Astronauts are fucking heroes because there aren’t many other descriptors you can use to discuss men who willingly allow themselves to be sent screaming into the upper atmosphere strapped to billions of dollars worth of bleeding edge technology built by the lowest bidder. Not that space travel is without it downsides. We mean, just ask Alan Shepard a man whose historic first trip to space was marred by the fact he literally smelled like piss.
Something worth pointing out for people who may be wondering, astronauts can absolutely piss in space if they need to. In fact, this is pretty much a solved issue for current astronauts thanks to something known as the Maximum Absorbency Garment, known colloquially as a Space Diaper. Which, while funny and something we were absolutely going to mention, isn’t really accurate because the garment is described as being more akin to a pair of shorts. Albeit a pair of shorts capable of absorbing 400 times their weight in water before becoming damp. Which is, cool, we guess.
Anyway, while peeing in their space-pants isn’t an issue for modern astronauts it was absolutely a major issue for astronauts of the past, or at least it was when longer space missions became a thing. You see, early space missions were short enough where astronauts could just, well, hold it in. As such, NASA didn’t make any accommodations for when nature called. However, this all changed with the 1961 Freedom 7 mission and astronaut, Alan Shepard.
You see, Shepard was told that the mission, whilst momentous and earth-shattering in its importance to science, was going to be a relatively short and simple affair. As a result, Shepard reportedly spent his morning drinking coffee and orange juice in massive quantities.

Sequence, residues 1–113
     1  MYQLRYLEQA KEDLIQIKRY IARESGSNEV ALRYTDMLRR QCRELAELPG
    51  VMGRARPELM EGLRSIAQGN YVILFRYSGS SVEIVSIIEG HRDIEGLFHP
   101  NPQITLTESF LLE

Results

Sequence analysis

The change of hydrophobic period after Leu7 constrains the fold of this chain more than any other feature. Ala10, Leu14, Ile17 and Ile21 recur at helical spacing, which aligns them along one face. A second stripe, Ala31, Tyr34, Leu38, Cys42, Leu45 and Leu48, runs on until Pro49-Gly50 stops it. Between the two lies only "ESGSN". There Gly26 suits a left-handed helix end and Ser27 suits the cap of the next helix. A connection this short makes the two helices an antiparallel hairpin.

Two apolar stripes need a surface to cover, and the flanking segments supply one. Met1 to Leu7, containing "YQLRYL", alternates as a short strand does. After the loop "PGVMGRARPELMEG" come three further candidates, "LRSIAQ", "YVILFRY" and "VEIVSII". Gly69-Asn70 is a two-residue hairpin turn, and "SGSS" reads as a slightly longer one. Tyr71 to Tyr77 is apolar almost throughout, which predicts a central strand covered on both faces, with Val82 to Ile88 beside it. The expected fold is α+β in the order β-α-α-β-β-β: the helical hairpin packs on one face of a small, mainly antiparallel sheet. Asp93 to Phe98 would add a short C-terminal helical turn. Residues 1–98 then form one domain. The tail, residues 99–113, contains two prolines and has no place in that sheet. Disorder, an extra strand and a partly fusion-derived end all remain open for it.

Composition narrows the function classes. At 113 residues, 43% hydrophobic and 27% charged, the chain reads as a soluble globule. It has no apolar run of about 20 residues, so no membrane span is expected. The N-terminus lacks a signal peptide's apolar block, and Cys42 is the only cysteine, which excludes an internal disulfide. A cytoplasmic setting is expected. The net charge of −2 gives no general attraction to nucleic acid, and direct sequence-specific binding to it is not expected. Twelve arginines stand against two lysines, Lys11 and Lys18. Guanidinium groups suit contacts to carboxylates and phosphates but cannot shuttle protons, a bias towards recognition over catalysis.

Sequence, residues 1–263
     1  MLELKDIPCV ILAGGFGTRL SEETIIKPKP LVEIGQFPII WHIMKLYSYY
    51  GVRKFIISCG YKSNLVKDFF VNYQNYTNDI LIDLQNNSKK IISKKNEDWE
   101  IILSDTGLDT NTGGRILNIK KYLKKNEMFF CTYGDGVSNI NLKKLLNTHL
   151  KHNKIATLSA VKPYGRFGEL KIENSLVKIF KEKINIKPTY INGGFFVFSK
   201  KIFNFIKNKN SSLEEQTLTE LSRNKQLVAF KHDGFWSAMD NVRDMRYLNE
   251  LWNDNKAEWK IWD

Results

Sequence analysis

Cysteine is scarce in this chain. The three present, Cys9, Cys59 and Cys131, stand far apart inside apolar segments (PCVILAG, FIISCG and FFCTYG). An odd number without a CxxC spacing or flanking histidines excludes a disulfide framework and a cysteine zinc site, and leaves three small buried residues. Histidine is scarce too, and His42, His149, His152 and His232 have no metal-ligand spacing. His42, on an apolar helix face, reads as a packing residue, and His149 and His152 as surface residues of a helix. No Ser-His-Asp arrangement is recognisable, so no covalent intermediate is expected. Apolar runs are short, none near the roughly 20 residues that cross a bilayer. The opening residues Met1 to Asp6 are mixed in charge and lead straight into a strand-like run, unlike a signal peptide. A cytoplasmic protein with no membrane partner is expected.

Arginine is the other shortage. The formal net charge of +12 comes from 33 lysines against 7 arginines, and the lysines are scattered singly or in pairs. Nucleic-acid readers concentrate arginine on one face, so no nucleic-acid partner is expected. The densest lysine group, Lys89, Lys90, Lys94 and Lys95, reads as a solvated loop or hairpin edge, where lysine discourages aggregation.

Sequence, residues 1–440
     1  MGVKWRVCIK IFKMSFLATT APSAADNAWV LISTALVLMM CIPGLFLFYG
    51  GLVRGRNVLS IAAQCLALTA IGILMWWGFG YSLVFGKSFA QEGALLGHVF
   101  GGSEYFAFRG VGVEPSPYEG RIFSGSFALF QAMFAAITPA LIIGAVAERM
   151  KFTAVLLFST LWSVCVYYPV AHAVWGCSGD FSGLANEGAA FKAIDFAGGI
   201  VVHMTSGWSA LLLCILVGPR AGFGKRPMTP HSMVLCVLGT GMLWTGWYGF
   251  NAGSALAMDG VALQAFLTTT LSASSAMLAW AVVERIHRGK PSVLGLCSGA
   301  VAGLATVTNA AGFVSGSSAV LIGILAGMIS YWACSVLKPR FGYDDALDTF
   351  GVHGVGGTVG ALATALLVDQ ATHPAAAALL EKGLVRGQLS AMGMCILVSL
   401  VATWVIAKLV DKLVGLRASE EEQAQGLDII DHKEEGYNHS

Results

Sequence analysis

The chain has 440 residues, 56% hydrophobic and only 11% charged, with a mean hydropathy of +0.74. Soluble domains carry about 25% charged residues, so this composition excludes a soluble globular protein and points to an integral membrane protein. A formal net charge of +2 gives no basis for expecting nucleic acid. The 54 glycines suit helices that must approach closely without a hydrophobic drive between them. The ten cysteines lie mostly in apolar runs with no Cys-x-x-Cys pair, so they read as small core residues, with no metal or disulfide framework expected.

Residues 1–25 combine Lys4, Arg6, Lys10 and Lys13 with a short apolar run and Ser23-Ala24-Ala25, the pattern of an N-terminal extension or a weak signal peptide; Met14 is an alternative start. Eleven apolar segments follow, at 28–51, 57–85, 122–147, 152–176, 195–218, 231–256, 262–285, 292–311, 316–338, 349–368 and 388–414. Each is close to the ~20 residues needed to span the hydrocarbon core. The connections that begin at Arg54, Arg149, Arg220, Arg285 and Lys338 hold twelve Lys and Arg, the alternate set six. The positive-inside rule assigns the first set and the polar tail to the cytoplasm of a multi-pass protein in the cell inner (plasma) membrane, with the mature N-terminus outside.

However, numerous delays resulted in Shepard spending a bladder detonating 8 hours in his suit, with several of those house being spent sat on the launch pad. To his credit, Shepard was able to hold it for a couple of hours, but just minutes before launch radioed command with a problem. He needed to pee.
Shepard’s announcement reportedly sent NASA experts scrambling as they rushed to figure out a solution that wouldn’t kill either the mission or Shepard. A statement we need to clarify is not hyperbole because, as you might imagine, spacesuits are filled with all kinds of sensitive technical gizmos that don’t respond well to being pissed on. In fact, some of them were so sensitive that there was a genuine concern that peeing on them might short circuit the suit’s life support capabilities, killing Shepard.
An issue that was solved by temporarily turning off the electronics in Shepard’s suit. Even then, when the nervous astronaut enquired about the safety of relieving himself inside his suit, NASA experts were only able to say that doing so “probably” wouldn’t kill him. Which we imagine made for the tensest piss in human history.
Thankfully, Shepard was able to pee without issue, though the urine did end up short-circuiting vital sensors and made his suit smell like piss for the entire rest of the mission. A small price to pay though to be able to make the most accurate “to boldly go where nobody has gone before” jokes for the rest of your life.